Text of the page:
Head Coach Tony Dungy says the Bucs are right on target through the first two weeks of voluntary workouts
James Whalen made a key contribution during the Tampa Bay Buccaneers' voluntary practice Wednesday morning.
Buccaneer fans who remember training camp 2000 may be surprised to hear that, considering the Whalen they know, the team's fifth-round draft pick last April, is currently on the Dallas Cowboys' roster and playing overseas in the NFL Europe League.
But the Bucs happened to be flush with James Whalens last summer, and the one that remains with the team just happened to be in the right place at the right time when wide receiver Frank Murphy ran off the field in pain on Wednesday.
Whalen – he actually prefers Jim, by the way – is the Bucs' director of rehabilitation, and he was the closest trainer to Murphy when the first-year wideout dislocated a finger and headed to the sideline cradling his right hand. In one swift motion, Whalen expertly popped the joint back into place and Murphy headed back onto the field without missing a snap (no pun intended).
That was just a very minor glitch in what has developed into two very smooth weeks of voluntary practices for the Buccaneers. The team will convene again on Thursday to finish up the first half of the sessions, then report back each of the following two weeks for eight more workouts. With 100% of the non-NFLEL players on hand, the voluntary work has proven very useful for the Buccaneers this spring.
"So far, we're right on target," said Head Coach Dungy. "We're making very good progress. We're learning things as we go, and that's the important thing."
And the mishap suffered by Murphy, who has been an eye-opener this spring, won't put a pall over the good feelings. Since it was the knuckle closest to the tip of the finger, Murphy won't need to miss any practice time; the knuckle by the palm would have been a more series injury. Murphy was treated with ice and had the hand wrapped after practice.
Murphy hustled back onto the field as soon as his finger was in place because, with so many players on hand, including 11 receivers, every rep is precious. After running a route, the young wideouts generally head directly to position coach Charlie Williams to find out what they have done right and wrong. Every day, there's a bit more to learn.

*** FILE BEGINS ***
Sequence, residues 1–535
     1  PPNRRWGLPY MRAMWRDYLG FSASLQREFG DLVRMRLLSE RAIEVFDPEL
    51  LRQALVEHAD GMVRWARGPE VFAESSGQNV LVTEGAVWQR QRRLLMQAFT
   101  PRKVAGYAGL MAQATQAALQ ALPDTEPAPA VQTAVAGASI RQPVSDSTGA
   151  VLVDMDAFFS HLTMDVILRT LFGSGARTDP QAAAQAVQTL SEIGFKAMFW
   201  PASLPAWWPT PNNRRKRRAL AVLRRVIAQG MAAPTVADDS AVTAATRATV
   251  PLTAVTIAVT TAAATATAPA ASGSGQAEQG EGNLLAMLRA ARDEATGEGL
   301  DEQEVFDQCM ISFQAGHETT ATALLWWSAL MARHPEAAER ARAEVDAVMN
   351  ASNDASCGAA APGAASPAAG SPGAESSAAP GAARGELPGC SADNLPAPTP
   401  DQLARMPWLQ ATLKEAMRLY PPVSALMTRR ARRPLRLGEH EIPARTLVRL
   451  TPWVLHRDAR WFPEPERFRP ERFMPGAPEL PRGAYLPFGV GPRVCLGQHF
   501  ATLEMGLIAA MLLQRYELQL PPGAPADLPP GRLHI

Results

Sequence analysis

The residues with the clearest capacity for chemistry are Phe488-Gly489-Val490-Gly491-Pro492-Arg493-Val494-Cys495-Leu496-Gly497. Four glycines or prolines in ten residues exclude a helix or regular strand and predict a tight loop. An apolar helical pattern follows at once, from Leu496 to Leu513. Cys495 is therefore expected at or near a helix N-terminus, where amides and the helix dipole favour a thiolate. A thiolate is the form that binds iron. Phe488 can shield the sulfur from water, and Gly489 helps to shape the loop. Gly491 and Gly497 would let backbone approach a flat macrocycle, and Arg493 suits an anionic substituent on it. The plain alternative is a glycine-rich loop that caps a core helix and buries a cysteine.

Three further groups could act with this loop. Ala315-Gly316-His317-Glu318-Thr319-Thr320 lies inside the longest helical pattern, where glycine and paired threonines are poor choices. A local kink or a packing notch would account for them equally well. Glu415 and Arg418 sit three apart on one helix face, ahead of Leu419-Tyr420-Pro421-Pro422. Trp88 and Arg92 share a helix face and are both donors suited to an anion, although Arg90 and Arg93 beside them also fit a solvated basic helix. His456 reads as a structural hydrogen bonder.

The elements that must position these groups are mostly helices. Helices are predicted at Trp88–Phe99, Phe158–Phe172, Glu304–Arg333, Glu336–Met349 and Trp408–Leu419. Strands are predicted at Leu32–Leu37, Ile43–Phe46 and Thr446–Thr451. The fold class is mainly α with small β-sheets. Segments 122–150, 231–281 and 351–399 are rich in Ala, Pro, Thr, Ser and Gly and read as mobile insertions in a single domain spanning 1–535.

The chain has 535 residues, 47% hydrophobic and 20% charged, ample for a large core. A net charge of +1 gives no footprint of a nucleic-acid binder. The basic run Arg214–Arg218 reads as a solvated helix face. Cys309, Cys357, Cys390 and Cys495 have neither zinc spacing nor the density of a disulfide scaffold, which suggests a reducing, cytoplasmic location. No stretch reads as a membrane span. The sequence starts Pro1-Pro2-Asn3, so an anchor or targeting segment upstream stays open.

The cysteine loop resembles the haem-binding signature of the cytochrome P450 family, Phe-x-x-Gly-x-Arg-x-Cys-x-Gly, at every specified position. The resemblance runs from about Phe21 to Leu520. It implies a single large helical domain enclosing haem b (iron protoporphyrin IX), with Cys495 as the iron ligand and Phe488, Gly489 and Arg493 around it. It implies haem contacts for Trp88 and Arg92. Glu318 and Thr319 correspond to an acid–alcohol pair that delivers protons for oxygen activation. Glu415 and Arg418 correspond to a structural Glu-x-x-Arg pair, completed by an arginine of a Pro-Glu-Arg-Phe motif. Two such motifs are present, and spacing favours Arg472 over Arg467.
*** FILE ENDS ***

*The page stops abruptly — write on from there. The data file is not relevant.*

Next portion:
"You put in a little bit more each day and just try to add slowly," said Dungy. "Each day, you build on what you tried to do the day before. You don't try to put it all in, but you try to learn the concepts. Then we start all over again in training camp, but it's not the first time they've heard it. It usually works out better that way."
That is particularly true where young players are concerned, and the rookie most Buccaneer fans are concerned with is first-round offensive tackle Kenyatta Walker. Walker has been inserted into the first-team line at left tackle, and in addition to the seven-on-seven and team drills, he's been given a baptism of fire by premier pass-rushers like Simeon during one-on-one drills. In just the month since the Buccaneers traded up in the first round to nab him, Walker has made noticeable improvement.
"Kenyatta's been doing a great job and we're very pleased with his progress," said Offensive Line Coach Chris Foerster. "He's been competing, and he's got a lot to learn. Right now, a lot of things are going through his mind, as far as learning the system, what to do and how to do it. But, even early on, you can see that it's all coming together.
"Day by day, he puts another piece in the puzzle. As long as we don't mess him up and change the pieces, he should have it all figured out by the time the season starts."
Actually, the Bucs would like to be able to say that of all their players by the September 9 opening day in Dallas. Heavily attended and efficiently run practices like the ones taking place now at One Buccaneer Place should help the team achieve that goal.